To follow along the blog tour, the full list of dates are on my tour page at TLC Book Tours.  I also have the current list of dates and stop links at the bottom of this post.

Oddities & Entities, an anthology of six stories, marks my second stand-alone publication.  For this adventure I went down the road of the paranormal and supernatural, so it’s a bit of a departure from my first anthology, Remnant, in terms of subject matter.  But, as I’ve said in several places, I enjoy the challenge of going in different directions and trying something at least a little bit different as I move from story to story.
 Oddities & Entities explores the conflicts that arise when our everyday world brushes up against states of nature normally hidden from common perception.  Through trial comes truth and, for the characters of Oddities & Entities, it is the inner truth of their varied states of existence.  As the old wisdom goes, it's difficult to perceive ourselves in full until we are somewhat displaced from our inner perceptions of the world.  It’s not an easy thing to do.  Hence the symbolic context of the cover: the turbulence of water meeting land, the darkness of light broken by the glow of the moon rather than the sun, reality illuminated by blue twilight rather than golden sunlight.  States of nature coexist, even as they are at odds with each other.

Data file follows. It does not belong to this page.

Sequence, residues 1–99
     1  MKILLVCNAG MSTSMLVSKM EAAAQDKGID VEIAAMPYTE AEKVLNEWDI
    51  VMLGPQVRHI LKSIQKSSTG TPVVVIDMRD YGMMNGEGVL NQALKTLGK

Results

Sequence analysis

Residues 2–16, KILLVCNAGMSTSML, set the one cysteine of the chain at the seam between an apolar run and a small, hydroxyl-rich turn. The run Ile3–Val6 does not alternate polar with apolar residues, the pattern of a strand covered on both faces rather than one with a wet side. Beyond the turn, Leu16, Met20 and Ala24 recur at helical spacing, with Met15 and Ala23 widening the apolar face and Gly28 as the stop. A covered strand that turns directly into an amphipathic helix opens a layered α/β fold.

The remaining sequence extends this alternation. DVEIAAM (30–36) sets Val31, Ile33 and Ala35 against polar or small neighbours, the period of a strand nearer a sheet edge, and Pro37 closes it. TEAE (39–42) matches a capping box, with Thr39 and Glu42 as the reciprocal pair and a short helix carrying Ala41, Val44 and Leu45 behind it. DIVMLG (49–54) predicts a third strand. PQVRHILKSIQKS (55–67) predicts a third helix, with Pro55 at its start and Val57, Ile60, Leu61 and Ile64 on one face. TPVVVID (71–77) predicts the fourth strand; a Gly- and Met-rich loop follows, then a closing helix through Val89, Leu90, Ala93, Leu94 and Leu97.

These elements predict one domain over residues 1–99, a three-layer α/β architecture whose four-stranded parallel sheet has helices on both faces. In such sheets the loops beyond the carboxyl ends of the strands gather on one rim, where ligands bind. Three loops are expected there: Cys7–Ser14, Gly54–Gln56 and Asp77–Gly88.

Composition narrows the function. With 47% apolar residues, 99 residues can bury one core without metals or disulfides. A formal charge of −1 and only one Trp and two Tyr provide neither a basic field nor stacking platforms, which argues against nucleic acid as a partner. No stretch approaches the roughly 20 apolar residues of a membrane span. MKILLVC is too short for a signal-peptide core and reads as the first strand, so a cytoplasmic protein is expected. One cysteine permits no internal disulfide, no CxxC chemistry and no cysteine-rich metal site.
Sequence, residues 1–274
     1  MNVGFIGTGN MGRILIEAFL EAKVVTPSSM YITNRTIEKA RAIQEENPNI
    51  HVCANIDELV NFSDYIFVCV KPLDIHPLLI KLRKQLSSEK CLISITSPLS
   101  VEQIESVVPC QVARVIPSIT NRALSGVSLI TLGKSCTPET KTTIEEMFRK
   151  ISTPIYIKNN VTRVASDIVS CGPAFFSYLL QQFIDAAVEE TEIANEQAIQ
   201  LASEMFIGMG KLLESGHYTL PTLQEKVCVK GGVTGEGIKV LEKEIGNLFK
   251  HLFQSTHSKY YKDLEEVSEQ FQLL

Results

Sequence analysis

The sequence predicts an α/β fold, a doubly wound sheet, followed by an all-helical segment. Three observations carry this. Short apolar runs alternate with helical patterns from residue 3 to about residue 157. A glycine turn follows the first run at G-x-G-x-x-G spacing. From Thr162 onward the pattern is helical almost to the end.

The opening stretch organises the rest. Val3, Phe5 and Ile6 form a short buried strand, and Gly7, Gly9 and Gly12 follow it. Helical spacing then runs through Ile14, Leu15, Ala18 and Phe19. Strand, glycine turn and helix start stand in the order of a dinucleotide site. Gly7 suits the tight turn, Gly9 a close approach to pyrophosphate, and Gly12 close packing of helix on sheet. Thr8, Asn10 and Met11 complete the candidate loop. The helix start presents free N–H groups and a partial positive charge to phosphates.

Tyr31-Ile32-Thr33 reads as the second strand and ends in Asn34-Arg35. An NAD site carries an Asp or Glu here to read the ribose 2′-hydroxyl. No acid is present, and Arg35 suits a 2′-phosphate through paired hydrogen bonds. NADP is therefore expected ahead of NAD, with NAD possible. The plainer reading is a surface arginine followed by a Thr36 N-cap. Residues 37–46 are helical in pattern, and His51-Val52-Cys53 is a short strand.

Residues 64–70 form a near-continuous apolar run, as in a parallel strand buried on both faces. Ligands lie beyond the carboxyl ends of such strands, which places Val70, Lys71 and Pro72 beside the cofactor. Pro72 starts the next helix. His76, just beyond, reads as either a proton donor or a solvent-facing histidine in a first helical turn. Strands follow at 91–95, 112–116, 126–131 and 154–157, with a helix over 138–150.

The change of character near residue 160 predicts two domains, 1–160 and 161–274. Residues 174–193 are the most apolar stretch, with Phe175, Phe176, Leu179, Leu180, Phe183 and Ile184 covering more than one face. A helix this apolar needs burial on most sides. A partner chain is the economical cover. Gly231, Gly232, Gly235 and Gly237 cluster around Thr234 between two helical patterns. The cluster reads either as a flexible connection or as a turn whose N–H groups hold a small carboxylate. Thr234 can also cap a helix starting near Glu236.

O&E, and the stories encompassed therein, came together in roughly two years’ time.  Unlike the stories of my first book, Remnant, which found their way together over a rather protracted period of time, and without any forethought to link them in an anthology, I wrote the stories of O&E with a steadily increasing clarity as to thematic context.  Starting with "Boneview", my interest in pursuing the strange world around us from different perspectives stoked the fires of my imagination and afforded a fresh wave of ideas.  Once "Boneview", "My Other Me", and "Gray" were all in hand, I then began to consciously consider the notion of a second anthology.  I knew I needed two, perhaps three, more novellas to flesh out such an anthology, and fortunately there was no shortage of ideas to work with.  "Appendage" was next to reach completion.  With its more philosophical aspects, it seemed most appropriate as the closing tale of the anthology’s arc.  So last but not least came "Elmer Phelps" and, with that in place, I felt the anthology was complete.  I never had any doubt as to the title I would choose: I felt that not only is "Oddities & Entities" a bit of a catchy title, but that it suitably describes the landscape in which much of the book dwells.